Dood Paard, the Amsterdam-based avant-garde theater collective, presented Reigen ad lib at the Peter B. Lewis Theater of the Guggenheim Museum in New York in April 2011.

A new translation, translated by Lukas Raphael, directed by Joel Cottrell and designed by Amber Dernulc set in 1953, opened at The White Bear in London in August 2011.

A new contemporary adaptation, by American playwright Steven Dietz, is called "American la Ronde". This version hews to the Schnitzler structure but updates the roles to more modern archetypes. It also leaves the gender of all roles at the discretion of the producing theatre. "American la Ronde" is published by Dramatists Play Service, New York. This adaptation, under its previous title 360 (round dance), was given a workshop production at the University of Texas at Austin in 2011.[9]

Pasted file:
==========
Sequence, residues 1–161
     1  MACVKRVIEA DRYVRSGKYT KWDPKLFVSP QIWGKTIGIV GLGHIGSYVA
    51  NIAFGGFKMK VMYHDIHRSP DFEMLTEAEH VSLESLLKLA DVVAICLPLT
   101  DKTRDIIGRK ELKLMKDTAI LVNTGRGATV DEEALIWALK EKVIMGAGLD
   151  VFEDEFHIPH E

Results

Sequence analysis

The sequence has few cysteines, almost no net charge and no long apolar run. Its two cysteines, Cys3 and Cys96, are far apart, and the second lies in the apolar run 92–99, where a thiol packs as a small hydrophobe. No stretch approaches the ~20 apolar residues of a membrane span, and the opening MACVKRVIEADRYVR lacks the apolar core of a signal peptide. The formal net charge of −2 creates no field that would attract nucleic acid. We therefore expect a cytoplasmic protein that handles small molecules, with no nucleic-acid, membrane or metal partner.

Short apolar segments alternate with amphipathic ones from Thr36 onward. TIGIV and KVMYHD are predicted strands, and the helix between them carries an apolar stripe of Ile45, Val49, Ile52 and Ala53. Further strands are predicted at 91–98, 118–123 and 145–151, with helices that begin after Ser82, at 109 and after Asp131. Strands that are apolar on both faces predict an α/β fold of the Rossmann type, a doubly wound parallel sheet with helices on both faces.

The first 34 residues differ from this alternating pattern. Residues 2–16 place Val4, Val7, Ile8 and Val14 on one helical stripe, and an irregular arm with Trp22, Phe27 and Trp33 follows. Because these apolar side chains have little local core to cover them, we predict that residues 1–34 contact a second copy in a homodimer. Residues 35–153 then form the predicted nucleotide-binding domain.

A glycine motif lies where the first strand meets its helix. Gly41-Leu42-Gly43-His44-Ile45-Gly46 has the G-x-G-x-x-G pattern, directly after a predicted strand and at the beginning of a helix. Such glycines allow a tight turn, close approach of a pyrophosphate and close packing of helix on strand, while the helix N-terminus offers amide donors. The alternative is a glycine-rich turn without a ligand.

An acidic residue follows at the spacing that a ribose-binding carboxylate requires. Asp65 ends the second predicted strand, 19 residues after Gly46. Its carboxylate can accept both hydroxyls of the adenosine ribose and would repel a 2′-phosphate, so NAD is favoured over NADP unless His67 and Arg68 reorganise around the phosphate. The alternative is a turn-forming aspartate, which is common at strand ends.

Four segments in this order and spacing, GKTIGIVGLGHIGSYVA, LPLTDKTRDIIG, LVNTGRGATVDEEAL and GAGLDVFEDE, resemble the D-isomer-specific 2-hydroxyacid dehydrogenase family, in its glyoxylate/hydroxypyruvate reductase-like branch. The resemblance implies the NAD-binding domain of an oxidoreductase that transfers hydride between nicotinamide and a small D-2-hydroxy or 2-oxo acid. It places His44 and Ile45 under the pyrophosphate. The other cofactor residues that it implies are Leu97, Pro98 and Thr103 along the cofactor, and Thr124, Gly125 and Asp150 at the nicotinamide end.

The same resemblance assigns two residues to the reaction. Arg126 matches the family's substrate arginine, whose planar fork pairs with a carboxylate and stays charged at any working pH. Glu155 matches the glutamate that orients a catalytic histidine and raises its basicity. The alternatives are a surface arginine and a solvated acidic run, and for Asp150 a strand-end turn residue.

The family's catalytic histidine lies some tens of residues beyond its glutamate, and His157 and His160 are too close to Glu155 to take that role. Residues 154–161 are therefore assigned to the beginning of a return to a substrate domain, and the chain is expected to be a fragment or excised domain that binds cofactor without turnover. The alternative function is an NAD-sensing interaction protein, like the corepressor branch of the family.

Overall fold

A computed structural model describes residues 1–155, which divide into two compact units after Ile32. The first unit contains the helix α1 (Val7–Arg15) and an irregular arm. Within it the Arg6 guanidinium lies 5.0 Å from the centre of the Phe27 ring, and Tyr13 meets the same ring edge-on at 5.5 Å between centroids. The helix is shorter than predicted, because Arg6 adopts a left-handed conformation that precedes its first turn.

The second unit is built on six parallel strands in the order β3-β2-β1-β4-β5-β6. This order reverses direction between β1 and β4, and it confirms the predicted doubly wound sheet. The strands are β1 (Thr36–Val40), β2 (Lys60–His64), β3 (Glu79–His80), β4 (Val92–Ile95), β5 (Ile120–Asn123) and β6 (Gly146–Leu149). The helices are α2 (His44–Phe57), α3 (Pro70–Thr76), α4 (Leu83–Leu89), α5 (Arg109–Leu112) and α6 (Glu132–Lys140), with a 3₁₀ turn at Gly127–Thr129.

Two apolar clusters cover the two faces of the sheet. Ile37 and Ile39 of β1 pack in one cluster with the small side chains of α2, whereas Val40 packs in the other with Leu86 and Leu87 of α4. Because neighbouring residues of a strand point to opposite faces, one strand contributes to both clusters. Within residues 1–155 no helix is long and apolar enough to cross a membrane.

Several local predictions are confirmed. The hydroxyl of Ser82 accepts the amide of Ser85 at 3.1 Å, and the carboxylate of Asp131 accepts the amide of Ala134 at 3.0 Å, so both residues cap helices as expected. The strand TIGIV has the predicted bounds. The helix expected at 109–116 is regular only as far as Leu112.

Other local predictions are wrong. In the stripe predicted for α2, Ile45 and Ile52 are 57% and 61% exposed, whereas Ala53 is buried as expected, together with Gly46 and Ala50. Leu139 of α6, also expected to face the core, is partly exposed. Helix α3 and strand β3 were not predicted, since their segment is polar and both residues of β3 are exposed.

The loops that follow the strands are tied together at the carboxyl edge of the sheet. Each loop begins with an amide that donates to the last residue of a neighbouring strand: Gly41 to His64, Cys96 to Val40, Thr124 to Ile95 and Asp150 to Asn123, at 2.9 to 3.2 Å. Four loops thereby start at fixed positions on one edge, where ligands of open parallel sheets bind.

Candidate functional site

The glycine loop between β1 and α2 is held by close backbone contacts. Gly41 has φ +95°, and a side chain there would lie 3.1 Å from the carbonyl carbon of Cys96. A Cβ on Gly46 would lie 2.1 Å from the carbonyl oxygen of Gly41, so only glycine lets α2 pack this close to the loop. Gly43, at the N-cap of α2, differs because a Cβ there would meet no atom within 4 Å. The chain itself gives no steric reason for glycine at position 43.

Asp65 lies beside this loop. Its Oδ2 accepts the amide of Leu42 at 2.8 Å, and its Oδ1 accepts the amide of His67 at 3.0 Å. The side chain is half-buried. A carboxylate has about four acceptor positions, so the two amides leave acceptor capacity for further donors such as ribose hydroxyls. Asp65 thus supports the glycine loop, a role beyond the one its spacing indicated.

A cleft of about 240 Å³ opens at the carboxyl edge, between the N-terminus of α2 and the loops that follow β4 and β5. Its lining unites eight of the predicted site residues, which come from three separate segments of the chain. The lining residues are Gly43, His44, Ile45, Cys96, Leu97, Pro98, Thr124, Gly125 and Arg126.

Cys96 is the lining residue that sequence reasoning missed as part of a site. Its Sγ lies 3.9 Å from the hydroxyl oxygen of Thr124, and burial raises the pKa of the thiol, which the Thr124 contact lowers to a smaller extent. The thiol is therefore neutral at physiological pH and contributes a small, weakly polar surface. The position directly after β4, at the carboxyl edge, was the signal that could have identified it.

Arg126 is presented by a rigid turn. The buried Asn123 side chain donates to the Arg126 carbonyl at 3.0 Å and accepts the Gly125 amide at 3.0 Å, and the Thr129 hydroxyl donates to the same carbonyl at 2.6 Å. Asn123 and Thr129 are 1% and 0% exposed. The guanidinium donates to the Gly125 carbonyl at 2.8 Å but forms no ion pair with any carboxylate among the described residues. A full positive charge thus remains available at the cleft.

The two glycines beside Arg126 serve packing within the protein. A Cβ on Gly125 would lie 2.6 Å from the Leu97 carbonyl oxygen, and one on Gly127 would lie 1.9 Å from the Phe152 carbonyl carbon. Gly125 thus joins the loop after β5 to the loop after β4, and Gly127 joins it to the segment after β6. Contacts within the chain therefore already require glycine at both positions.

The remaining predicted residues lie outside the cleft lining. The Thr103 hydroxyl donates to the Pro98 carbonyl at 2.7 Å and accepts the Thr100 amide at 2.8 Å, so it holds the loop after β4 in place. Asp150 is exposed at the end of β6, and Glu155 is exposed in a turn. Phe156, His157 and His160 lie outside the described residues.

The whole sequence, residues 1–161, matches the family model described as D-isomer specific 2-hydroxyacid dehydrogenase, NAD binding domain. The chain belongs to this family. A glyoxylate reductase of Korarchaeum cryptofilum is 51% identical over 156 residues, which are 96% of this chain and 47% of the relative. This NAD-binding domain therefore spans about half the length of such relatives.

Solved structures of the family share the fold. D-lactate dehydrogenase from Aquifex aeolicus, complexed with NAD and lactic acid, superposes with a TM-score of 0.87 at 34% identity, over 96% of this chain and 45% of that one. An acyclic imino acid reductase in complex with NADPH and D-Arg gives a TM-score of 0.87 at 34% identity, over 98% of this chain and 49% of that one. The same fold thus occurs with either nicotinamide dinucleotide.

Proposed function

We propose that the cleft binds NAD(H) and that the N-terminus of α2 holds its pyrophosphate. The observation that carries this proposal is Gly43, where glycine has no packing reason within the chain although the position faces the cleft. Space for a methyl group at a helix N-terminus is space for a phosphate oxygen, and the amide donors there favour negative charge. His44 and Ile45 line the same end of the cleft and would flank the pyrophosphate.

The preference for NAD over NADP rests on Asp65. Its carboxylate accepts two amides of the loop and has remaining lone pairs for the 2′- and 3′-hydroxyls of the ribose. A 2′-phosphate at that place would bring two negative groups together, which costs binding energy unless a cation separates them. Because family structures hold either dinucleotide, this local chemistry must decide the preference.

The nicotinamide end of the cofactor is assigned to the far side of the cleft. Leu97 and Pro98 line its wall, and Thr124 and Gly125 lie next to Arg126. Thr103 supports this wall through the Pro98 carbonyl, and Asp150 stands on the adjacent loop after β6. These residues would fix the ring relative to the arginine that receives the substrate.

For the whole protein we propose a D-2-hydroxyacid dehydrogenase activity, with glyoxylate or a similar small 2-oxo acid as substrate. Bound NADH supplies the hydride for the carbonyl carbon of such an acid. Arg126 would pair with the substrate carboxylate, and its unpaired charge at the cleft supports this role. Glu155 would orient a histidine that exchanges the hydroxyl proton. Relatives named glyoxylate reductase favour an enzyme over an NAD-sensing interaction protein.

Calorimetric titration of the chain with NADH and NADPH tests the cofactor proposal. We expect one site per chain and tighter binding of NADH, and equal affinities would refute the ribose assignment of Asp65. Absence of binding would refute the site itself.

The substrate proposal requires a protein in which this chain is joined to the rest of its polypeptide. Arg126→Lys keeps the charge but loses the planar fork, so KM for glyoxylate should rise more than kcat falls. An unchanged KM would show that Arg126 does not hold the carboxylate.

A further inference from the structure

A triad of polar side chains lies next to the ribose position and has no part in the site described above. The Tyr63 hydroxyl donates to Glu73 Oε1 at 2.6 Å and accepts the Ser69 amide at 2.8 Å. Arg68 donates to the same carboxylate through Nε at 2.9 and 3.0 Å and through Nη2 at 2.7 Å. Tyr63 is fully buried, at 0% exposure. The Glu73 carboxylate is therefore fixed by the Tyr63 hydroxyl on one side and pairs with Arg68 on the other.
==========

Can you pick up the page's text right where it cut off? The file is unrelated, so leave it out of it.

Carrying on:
The dramatic structure of the play has been utilized by longform improv ensembles.[10] A series of two-person improvised scenes are interwoven in the same way as Schnitzler's characters are. The form was first used by Craig Cackowski in Chicago in the mid-1990s.[11]

in February 2017, a new adaptation written and directed by Max Gill was first staged at The Bunker Theatre, London.[12] The cast featured Alexander Vlahos, Lauren Samuels, Amanda Wilkin and Leemore Marrett Jr. In Gill's new version, a gender-fluid text meant that any part could be played by any actor, regardless of gender.[13] The roles were assigned each night in between scenes by a 'La Ronde' or Wheel of Fortune. There were over 3000 possible realisations of the play. The text is published by Oberon Books.[14]

Operatic adaptation[edit]

Reigen, a 1993 German-language operatic adaptation by Philippe Boesmans, premiered at La Monnaie, Brussels in 1993, and subsequently recorded.

Television adaptation[edit]